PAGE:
Re: Translation’ and ‘transformation’ in the analytic situation: Freud – Bion – Laplanchearticle

I think this is a valuable article for attempting to specify differences between apparently related concepts involving “translation.” Despite my appreciation for the author’s attempt to working with Laplanchian concepts, however, I did not feel it was quite ready for publication. My focus is on the editorial process.

First, I thought the section on Lacan should not have been published as written. It has a gratuitous dismissive comment about Parisian analysts that does not belong in a scholarly piece. Also, it seems to misunderstand the concept of the objet a and especially its relation to the real body. One could argue that the body plays a more important role for Lacan than Laplanche, for example. As expressed, these comments may involve essentially political arguments (between IPA groups and Lacanians). The issue of how Laplanche split off from Lacan is a topic worthy of comment and exploration, but needs more scholarly work. Moreover, what is offered in that direction doesn’t really add much to the paper. In passing however, I did wonder whether- if the author’s interpretations do reflect Laplanche’s style- their “equivoque” or ambiguity doesn’t owe something to Lacan’s teaching (and his borrowing from Freud, of course).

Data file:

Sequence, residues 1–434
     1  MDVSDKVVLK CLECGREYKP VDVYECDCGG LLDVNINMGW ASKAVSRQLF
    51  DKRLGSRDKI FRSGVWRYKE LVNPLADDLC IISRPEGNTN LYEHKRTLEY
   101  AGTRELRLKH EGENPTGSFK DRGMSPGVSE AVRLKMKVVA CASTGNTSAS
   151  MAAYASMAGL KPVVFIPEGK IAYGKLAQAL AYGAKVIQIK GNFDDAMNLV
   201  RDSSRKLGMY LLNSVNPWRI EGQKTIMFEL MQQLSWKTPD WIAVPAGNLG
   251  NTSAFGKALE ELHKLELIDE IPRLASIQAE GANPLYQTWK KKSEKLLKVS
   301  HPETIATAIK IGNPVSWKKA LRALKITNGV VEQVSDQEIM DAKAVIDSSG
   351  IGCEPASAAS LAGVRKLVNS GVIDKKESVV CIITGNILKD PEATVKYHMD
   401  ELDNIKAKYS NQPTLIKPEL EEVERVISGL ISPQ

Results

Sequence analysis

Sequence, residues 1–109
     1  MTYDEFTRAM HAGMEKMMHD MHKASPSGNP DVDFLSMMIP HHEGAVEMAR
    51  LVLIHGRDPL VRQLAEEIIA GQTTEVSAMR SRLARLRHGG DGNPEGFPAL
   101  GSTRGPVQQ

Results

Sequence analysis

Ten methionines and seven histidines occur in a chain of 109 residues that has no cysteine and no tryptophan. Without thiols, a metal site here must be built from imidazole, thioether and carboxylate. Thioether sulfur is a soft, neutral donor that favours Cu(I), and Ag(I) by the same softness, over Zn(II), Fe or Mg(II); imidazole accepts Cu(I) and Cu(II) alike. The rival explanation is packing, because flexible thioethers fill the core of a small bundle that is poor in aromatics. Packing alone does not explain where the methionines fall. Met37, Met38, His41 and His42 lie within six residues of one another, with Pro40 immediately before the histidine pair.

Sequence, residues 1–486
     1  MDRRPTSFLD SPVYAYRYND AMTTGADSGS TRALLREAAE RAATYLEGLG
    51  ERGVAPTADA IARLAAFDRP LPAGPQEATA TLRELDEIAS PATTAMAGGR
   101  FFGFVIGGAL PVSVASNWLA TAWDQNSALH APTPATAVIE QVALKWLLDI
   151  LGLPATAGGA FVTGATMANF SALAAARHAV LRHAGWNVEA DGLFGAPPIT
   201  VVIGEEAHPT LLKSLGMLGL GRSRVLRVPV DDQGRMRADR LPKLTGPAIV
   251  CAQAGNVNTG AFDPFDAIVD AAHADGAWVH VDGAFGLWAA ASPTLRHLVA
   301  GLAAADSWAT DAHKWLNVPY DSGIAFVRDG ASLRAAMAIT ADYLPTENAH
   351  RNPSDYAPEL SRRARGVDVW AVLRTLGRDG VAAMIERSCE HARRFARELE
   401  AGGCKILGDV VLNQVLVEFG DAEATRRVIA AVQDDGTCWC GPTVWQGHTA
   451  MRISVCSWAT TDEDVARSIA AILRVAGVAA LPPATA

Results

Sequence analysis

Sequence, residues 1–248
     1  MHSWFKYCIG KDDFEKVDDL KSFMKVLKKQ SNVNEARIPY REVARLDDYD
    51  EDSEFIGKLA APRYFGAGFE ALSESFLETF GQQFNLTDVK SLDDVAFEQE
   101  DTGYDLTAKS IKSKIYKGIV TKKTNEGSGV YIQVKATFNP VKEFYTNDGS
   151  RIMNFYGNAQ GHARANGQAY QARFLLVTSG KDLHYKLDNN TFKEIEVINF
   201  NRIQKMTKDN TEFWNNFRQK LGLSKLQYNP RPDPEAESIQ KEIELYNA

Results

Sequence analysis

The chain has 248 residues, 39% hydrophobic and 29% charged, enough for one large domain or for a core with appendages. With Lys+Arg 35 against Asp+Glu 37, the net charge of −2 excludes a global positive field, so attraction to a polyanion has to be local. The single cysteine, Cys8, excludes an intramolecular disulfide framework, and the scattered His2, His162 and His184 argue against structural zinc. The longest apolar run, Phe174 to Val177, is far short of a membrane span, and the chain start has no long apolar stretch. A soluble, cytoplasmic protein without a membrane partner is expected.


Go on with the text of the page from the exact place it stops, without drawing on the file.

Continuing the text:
Otherwise, I thought the clinical vignettes were quite interesting. Whether the analyst’s provocative remarks or interpretations were “Laplanchian,” could be argued. They were certainly interesting interventions that would be bound to have an effect. In the first example, the remark about the father’s attractiveness did seem to me to involve a “synthetic interpretation,” [or] “bringing together of ‘earlier’ and ‘now’.” Was it Laplanchian? The second case is more complicated, but again, the material to justify the link (other than the similar “synthetic” interpretation of transference) is lacking.

My point is not so much to question the assertions in the piece, but to argue that more editorial work with the author might have produced a more persuasive and useful result.


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